His only redeeming quality is his talent, but, again, how much of a difference maker will he be if they already have a plethora of players just like him. Adding Machado is adding more of the same, and that will not get the Yankees past the Red Sox in 2019.


Defensively, Manny Machado is one of the best out there…at third base. At the hot corner, Machado, art times, drew comparisons to Hall of Famer, Brooks Robinson. He was a Gold Glove caliber defender and his defensive runs saved is 85 at the position, averaging a rating of 15 per year.

Defensive Runs saved evaluates the overall defensive value of a player by showing how many runs above or below average they are. Machado’s numbers at third base are superb, which bodes well for the Yankees long term if the plan is to shift him to third base.

In the short term, Machado will play shortstop will Didi Gregorius rehabs from Tommy John surgery. Although shortstop is the position that Machado came through the minor leagues playing, he is not a good defender at that spot.

In 2015, his DRS in seven games at shortstop was -1. In 2016, it was 3 in 45 games. 2018, his first season as a full time shortstop, his DRS was -13. That includes a -18 rating with the Orioles before being traded.

His total DRS at shortstop is -11, and he averages -7 per year. In short, this indicates that he is not a great defensive shortstop, and he will make the infield weaker as a result.

Postseason Woes

Last December, the acquisition of Stanton had Yankee fans everywhere jumping for joy. One year later, they are ready to move on from him. This is because ‘all’ he did was lead the team in home runs with 38 and RBIs with 100. He capped it all off with a poor showing against Boston in the ALDS. Yankee fans are hard to please, and there is reason to believe that Machado will follow in Stanton’s footsteps.

2018 was Stanton’s first trip to the playoffs so there speculation as to how he would perform. While it will be tough to predict the Machado’s exact performance, it is easier to forecast how he would perform in the playoffs than it was for Stanton.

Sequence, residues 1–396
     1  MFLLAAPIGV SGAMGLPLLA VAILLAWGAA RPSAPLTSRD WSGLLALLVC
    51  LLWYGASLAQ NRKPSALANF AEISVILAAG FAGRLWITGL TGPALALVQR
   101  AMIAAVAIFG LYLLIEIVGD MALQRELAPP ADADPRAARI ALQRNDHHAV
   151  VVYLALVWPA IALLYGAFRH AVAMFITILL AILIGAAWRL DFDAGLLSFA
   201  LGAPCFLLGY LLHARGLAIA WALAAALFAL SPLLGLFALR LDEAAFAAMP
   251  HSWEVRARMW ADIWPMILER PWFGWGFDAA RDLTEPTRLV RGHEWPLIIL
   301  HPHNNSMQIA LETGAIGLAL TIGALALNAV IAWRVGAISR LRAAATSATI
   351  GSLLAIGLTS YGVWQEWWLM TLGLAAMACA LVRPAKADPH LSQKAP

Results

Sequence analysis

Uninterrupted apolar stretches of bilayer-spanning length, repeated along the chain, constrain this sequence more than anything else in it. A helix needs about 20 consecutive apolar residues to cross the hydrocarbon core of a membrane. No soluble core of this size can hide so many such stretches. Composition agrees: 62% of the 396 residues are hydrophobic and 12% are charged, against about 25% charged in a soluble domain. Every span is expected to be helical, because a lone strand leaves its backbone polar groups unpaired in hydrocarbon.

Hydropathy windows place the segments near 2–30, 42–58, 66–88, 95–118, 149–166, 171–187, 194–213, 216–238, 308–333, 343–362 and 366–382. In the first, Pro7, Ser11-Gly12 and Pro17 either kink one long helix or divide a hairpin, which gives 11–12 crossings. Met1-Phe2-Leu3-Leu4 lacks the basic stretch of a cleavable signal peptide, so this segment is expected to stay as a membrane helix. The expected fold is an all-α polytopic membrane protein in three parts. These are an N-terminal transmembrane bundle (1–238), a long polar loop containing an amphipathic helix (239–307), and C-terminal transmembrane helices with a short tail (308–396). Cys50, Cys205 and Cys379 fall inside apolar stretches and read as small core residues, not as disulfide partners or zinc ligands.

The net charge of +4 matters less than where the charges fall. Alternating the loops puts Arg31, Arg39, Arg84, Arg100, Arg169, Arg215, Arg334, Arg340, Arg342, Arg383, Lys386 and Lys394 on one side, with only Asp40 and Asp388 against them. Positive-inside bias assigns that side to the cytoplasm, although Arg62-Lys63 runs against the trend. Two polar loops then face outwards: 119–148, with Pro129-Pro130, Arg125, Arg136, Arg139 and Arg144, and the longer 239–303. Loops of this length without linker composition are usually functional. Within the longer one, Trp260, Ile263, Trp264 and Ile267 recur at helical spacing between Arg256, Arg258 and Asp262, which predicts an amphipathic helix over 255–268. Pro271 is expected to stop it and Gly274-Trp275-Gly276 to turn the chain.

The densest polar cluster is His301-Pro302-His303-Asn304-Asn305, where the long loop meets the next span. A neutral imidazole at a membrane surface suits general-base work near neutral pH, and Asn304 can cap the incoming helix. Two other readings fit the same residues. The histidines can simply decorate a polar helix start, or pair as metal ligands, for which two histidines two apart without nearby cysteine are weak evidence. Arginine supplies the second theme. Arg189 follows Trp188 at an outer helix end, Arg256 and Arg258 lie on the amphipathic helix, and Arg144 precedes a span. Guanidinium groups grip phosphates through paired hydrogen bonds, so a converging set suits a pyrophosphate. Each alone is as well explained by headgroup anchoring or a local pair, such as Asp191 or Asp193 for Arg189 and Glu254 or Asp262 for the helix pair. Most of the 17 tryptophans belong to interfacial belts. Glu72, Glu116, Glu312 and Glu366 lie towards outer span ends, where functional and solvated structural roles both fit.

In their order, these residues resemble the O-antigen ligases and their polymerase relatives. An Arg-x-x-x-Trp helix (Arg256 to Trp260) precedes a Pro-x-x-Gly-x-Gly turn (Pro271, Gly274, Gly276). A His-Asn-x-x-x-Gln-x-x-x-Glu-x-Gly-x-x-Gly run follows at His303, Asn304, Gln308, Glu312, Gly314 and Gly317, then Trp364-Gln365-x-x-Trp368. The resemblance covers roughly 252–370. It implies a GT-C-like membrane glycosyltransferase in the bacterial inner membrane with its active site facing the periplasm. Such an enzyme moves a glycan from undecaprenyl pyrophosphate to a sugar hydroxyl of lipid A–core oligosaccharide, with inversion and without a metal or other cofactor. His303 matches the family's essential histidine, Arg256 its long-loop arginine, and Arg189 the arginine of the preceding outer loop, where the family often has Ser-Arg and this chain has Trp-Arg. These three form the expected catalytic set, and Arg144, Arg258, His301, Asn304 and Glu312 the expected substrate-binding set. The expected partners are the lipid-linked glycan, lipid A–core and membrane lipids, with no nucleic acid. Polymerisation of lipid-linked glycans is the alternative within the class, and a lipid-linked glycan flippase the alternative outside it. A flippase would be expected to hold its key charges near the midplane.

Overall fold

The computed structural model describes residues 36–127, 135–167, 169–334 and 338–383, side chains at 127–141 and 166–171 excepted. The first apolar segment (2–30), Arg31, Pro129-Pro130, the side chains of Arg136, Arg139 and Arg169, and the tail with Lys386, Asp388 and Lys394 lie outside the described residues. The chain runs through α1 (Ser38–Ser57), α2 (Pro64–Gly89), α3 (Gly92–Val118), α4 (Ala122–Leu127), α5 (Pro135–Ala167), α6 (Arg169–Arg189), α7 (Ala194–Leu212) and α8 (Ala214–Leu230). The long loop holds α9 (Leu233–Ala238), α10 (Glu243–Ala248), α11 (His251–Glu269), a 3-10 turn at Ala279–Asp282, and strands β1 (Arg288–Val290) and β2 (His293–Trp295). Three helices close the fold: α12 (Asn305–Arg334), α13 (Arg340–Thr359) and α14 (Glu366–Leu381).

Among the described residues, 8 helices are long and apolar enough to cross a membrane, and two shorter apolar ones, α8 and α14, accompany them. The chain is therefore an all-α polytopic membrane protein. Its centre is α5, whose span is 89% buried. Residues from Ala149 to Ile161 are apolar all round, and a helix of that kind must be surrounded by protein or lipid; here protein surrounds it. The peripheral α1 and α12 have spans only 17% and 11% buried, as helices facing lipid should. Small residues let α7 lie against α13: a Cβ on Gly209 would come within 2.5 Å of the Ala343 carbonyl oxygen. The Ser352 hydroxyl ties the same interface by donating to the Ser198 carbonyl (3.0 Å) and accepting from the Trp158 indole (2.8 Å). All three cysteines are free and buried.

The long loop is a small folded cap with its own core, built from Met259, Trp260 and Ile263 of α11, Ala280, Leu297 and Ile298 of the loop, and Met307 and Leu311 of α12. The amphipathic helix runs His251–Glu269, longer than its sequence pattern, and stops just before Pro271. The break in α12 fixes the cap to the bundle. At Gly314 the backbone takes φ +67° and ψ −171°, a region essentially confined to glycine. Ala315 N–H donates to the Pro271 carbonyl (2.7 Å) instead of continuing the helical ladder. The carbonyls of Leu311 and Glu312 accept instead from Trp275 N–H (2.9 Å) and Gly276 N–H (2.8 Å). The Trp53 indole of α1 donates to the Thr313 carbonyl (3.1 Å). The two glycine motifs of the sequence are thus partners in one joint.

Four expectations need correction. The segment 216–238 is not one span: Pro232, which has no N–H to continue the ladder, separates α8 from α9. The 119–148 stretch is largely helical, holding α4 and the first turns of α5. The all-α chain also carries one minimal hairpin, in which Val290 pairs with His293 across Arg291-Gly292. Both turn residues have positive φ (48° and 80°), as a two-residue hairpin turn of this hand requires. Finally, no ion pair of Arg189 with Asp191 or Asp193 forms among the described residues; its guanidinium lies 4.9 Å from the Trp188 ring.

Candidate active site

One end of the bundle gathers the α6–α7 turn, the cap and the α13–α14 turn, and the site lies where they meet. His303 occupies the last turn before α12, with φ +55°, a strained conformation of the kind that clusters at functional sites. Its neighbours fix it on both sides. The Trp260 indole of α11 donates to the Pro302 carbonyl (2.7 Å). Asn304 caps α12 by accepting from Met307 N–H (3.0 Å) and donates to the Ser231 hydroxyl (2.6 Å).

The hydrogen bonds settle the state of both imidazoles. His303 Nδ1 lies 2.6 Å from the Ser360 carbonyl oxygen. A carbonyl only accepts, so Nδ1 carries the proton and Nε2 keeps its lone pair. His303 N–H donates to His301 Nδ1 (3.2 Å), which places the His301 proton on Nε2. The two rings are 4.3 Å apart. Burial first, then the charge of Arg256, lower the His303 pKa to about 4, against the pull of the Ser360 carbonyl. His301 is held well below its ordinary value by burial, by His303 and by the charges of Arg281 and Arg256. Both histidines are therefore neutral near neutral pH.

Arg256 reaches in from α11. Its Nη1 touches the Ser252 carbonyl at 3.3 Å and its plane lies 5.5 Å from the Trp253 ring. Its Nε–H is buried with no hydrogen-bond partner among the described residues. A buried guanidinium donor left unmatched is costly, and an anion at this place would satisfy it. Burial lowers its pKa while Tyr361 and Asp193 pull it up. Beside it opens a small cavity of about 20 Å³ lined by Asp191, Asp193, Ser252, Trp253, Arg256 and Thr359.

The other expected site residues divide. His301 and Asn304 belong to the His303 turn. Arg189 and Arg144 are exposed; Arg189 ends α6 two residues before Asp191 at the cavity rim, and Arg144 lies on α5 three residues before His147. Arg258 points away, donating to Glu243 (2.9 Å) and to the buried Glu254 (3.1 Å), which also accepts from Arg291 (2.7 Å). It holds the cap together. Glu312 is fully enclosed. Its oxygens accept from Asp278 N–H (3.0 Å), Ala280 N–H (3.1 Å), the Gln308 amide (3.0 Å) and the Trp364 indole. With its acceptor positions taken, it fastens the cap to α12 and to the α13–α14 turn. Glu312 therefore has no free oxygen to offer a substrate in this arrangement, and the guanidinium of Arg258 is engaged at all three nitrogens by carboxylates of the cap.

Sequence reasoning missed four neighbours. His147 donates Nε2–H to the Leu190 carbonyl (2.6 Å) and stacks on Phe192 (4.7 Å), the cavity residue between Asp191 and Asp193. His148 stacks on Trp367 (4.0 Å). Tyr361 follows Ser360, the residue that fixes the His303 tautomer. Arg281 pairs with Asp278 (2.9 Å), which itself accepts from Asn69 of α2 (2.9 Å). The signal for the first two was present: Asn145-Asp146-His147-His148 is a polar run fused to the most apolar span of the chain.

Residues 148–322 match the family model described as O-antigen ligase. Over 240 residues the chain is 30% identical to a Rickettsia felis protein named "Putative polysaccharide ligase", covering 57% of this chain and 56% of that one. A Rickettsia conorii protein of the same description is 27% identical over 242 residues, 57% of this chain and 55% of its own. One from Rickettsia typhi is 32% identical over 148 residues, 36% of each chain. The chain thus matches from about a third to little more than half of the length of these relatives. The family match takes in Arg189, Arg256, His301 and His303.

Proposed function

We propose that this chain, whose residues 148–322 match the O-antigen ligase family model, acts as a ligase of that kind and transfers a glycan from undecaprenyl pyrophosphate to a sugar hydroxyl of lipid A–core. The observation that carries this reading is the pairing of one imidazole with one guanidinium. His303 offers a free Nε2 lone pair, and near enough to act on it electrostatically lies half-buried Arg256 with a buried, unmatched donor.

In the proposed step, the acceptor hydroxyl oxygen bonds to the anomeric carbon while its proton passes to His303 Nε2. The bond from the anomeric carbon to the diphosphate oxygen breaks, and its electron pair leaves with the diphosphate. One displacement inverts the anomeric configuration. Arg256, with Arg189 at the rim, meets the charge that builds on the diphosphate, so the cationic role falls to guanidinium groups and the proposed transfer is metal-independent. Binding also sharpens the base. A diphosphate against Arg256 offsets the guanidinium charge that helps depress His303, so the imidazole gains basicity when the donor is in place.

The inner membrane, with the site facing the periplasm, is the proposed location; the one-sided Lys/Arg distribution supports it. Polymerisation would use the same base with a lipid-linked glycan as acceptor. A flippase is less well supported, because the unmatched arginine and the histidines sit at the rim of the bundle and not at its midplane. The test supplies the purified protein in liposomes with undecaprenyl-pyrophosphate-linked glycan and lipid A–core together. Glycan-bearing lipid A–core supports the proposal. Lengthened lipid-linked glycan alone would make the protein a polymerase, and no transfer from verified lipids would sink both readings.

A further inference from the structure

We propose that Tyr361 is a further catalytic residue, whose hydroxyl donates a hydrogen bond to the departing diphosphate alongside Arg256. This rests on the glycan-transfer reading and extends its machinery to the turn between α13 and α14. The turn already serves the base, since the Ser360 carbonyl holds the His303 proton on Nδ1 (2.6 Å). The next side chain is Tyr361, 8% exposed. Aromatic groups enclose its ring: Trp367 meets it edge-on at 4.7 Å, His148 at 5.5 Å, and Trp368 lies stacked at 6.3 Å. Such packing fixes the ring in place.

Machado has 23 games and 99 plate appearances experience in October, a solid sample size. He is a .213/.268/.382 hitter, who strikes out over 24% of the time. Against the Red Sox, he hit .182/.208/.182 during the five games of the World Series this past year.

If the goal is to surpass the Red Sox and become champions again, Machado’s track record certainly isn’t significant enough to warrant believing the Yankees surpass their arch rivals.


Manny Machado is an extremely talented player, but sometimes adding the most talent does not make the most significant of differences. The Yankees are very right handed and just set the record for most home runs in a season. How does adding another right handed home run hitter make them drastically better?

The Yankees are prone to high strike out totals. How does adding a player, who may not have awful strikeout numbers though still not great compared to what was available, make the team more consistent offensively?

The above points could be excused if the defense Machado provides at shortstop is as elite as his defense at third base. The problem, though, is that it isn’t, so how does ensure a stable infield defense?

Sometimes it is easy to turn the other cheek on a players flaws when they become a postseason hero. With Machado’s sub-par at best postseason numbers, especially against Boston, it is hard to imagine this will be the case.

So, how, then, does Manny Machado prove to be the missing piece that the Yankees need to overtake the Red Sox in the AL East and win their 28th championship? The answer is simple. He isn’t the missing piece.

Main Photo:
Embed from Getty Images